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In a sales-oriented organization, the marketing planning function designs incentive pay plans to not only motivate and reward frontline staff fairly but also to align marketing activities with corporate mission.The marketing plan basically aims to make the business provide the solution with the awareness with the expected customers.Thus, the definition of IBM's "corporate mission" in the 1940s might well have been: "We are in the business of handling accounting information [customer need] for the larger US organizations [customer group] by means of punched cards [technology]." Perhaps the most important factor in successful marketing is the "corporate vision." Surprisingly, it is largely neglected by marketing textbooks, although not by the popular exponents of corporate strategy — indeed, it was perhaps the main theme of the book by Peters and Waterman, in the form of their "Superordinate Goals." "In Search of Excellence" said: "Nothing drives progress like the imagination.
Acquiring marketing share, increasing customer awareness, and building a favorable business image are some of the objectives that can be related to marketing planning.
The marketing plan also helps layout the necessary budget and resources needed to achieve the goals stated in the marketing plan.
While a marketing plan contains a list of actions, without a sound strategic foundation, it is of little use to a business.
A marketing plan is a comprehensive document or blueprint that outlines the advertising and marketing efforts for the coming year.
This "corporate mission" can be thought of as a definition of what the organization is, or what it does: "Our business is ...".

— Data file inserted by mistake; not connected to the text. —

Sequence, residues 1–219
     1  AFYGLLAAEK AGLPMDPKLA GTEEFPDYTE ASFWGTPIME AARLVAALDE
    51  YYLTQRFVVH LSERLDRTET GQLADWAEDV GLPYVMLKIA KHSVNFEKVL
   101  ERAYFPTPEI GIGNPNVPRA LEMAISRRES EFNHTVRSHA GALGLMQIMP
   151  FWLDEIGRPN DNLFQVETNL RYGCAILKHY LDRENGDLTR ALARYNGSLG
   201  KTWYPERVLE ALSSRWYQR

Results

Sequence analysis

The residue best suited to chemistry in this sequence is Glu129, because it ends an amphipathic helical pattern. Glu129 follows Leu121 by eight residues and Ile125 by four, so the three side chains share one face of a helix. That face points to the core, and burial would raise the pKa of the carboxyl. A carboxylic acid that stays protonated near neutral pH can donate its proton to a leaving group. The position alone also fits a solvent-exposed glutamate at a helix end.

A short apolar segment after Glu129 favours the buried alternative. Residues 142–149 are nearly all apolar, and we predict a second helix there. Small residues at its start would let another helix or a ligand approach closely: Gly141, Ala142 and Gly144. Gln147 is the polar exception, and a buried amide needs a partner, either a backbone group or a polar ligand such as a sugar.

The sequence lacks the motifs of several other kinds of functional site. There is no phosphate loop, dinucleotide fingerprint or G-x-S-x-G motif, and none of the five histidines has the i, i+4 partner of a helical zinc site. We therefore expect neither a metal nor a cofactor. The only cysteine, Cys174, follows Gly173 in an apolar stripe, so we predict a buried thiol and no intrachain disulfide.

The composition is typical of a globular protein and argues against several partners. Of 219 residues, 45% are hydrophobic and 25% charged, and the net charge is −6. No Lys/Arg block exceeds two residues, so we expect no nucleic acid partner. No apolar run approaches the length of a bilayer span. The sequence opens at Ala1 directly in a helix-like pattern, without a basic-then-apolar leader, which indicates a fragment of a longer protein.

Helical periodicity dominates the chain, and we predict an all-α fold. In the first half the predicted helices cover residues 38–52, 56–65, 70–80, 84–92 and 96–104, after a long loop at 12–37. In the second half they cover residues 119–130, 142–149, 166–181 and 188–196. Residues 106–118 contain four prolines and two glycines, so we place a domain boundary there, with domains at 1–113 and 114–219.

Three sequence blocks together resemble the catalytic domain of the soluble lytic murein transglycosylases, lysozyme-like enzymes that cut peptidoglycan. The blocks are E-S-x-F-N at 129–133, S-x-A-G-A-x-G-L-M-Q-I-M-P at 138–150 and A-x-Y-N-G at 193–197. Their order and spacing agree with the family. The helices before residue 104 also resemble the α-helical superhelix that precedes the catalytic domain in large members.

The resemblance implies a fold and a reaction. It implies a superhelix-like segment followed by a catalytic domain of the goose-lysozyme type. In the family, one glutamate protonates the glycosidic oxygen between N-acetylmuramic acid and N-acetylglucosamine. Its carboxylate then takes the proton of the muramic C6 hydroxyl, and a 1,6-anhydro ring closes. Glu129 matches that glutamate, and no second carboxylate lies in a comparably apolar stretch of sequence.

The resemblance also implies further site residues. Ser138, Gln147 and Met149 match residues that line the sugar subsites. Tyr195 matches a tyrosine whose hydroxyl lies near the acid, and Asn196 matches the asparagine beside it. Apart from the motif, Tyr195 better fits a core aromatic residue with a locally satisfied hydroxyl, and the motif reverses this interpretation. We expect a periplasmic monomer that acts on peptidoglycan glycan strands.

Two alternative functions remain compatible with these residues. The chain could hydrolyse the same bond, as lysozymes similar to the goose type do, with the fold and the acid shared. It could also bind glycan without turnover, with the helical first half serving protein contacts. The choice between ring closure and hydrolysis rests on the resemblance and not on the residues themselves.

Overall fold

This definition should not be too narrow, or it will constrict the development of the organization; a too rigorous concentration on the view that "We are in the business of making meat-scales," as IBM was during the early 1900s, might have limited its subsequent development into other areas.The marketing plan would then outline the objectives that need to be achieved in order to reach the fifteen percent increase in the business market share.Marketing planning segments the markets, identifies the market position, forecast the market size, and plans a viable market share within each market segment.The marketing plan shows what the company is intended to accomplish within the budget and also to make it possible for company executives to assess potential return on the investment of marketing dollars.Different aspects of the marketing plan relate to accountability.Marketing plans start with the identification of customer needs through a market research and how the business can satisfy these needs while generating an acceptable return.This includes processes such as market situation analysis, action programs, budgets, sales forecasts, strategies and projected financial statements.It describes business activities involved in accomplishing specific marketing objectives within a set time frame.A marketing plan also includes a description of the current marketing position of a business, a discussion of the target market and a description of the marketing mix that a business will use to achieve their marketing goals.The marketing plan is a general responsibility from company leaders and the marketing staff to take the company in a specific direction.After the strategies are laid out and the tasks are developed, each task is assigned to a person or a team for implementation.